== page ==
Hyper-privacy: Case of Domestic Violence (Hyper-DoVe)

Lead Research Organisation: Newcastle University
Department Name: Computing Sciences

Abstract

This Research in the Wild project addresses the "Sustainable Society" challenges by applying technologies in tackling problems associated with domestic violence, enabling victims of domestic violence to obtain support and assistance, and therefore improving their quality of life.

Increasingly individuals embrace mobile and internet technologies as an integral part of their daily lives. As a result, various concerns have been raised with regard to privacy and social implications of living with and through such technologies. This project investigates and responds to these concerns by exploring the needs and challenges associated with hyper-privacy. By "hyper-privacy", we mean situations where privacy is so paramount that any privacy breach or information leakage could lead to psychological harm, physical harm or even death.

We propose that one situation where hyper-privacy is crucial is that of domestic violence, where victims of domestic violence require hyper-privacy in order to safely seek help, or even in accessing certain online resources. However, the current reality for a victim of domestic violence is that any attempt to seek help, either from friends and family or from support organisations, is likely to attract attention and risk further abuse.

In 2010-2011, we collaborated with the Angelou Centre, a North East support centre for Black and Minority Ethnic women in investigating the technological issues that most affect victims of domestic violence. The purpose of the study was to understand these issues better and thereby improve the accessibility of digital support services aimed at helping victims. Our research so far shows that victims have two major barriers to successfully accessing the support services they require:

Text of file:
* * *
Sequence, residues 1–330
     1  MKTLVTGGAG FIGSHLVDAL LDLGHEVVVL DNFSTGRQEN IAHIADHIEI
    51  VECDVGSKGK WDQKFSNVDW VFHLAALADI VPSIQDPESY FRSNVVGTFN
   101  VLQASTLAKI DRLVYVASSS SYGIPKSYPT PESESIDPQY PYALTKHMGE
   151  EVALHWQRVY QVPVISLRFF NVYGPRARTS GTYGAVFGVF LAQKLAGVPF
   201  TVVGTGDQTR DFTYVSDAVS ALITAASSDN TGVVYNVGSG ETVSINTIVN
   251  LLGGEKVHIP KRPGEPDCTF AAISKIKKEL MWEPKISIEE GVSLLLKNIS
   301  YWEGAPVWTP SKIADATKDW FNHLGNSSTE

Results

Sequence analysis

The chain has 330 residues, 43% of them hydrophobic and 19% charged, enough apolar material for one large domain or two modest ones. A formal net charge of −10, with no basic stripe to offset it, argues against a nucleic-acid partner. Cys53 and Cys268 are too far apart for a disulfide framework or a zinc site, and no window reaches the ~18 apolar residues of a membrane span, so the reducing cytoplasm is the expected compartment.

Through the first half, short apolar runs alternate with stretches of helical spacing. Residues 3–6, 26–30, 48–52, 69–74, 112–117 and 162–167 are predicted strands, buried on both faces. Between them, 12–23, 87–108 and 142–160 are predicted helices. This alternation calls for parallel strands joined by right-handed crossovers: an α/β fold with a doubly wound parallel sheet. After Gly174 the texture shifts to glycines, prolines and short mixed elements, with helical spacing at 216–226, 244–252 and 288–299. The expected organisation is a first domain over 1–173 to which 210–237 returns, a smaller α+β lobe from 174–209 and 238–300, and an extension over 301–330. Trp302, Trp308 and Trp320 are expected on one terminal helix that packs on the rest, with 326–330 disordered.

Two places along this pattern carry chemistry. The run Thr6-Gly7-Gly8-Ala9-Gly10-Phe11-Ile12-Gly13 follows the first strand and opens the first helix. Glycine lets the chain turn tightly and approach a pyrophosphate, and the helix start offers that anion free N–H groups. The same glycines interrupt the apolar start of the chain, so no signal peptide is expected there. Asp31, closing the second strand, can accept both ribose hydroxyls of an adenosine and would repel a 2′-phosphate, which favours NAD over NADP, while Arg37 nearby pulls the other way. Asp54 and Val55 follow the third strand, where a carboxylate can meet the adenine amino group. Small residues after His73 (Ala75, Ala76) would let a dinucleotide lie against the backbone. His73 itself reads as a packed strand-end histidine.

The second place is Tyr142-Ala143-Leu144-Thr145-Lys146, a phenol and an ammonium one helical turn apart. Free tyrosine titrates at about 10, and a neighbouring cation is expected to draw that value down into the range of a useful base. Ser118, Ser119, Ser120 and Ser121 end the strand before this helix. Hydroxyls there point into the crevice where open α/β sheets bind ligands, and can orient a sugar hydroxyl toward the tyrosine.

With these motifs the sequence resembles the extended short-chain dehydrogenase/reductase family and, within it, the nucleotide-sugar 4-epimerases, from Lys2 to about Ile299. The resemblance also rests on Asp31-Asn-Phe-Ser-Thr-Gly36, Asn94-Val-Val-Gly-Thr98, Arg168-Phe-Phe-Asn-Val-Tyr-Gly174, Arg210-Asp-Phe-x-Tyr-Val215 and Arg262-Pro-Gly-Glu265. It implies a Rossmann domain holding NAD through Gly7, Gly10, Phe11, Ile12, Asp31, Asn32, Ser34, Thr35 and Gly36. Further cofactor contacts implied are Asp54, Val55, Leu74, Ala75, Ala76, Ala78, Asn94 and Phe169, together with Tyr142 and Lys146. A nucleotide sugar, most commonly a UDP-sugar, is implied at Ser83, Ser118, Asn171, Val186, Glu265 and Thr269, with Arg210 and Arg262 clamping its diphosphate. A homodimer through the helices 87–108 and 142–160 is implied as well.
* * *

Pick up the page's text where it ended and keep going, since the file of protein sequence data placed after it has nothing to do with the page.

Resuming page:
- locating the support services and the organisations that provide them;
- fear of provoking further abuse if their abuser discovers that they have been seeking help.

In effect, victims are being excluded from the socio-technical systems that the rest of us take for granted due to their personal circumstances. The objective of our research is to overcome these barriers by refining, developing and evaluating a toolkit of hyper-privacy technologies that enable users to achieve hyper-privacy while accessing information online, with minimum effort and without leaving digital record of their visit.

In order to design and develop hyper-privacy technologies appropriate for use by end users experiencing domestic violence, it is vital that these end users, and staff at support centres, are involved in all aspects of the design and evaluation of such technologies so that they sufficiently meet the end users' needs and requirements. In response, our methodology incorporates participatory, experience-centred design methods to ensure that women's voices, needs and requirements are well accommodated for in resulting designs and technologies from the outset of the project. Further to this, we take an iterative design, development and evaluation approach and by doing so seek to create a range of opportunities and spaces through which end users and service providers can engage with and influence the design and implementation of hyper-privacy technologies.

We acknowledge that even well-designed technology will not be a single solution to our end users' hyper-privacy needs. Education/training will also need to be provided to achieve workable and practical hyper-privacy solutions. For example, we have conducted technology training for regional Independent Sexual/Domestic Violence Agencies (ISVA/IDVA) in collaboration with the Centre for Cybercrime and Computer Security and the Northumbria Criminal Justice Board (http://cccs.ncl.ac.uk/regional-victim-charities-back-in-the-class-room.html). To reflect this understanding, this project will also investigate how such education and training can be achieved and improved further, resulting in a set of guidelines and best practices to address these issues.

Planned Impact

Who Might Benefit
Various groups of people will benefit from hyper-privacy feature, in particular victims of domestic and sexual violence for accessing digital support services without leaving tell-tale electronic footprints that might lead to further violence from their abuser. Moreover, staff at women's support centres will also benefit, as the solutions implemented in this project will enable them to provide cost-effective and directly practical assistance to the victims.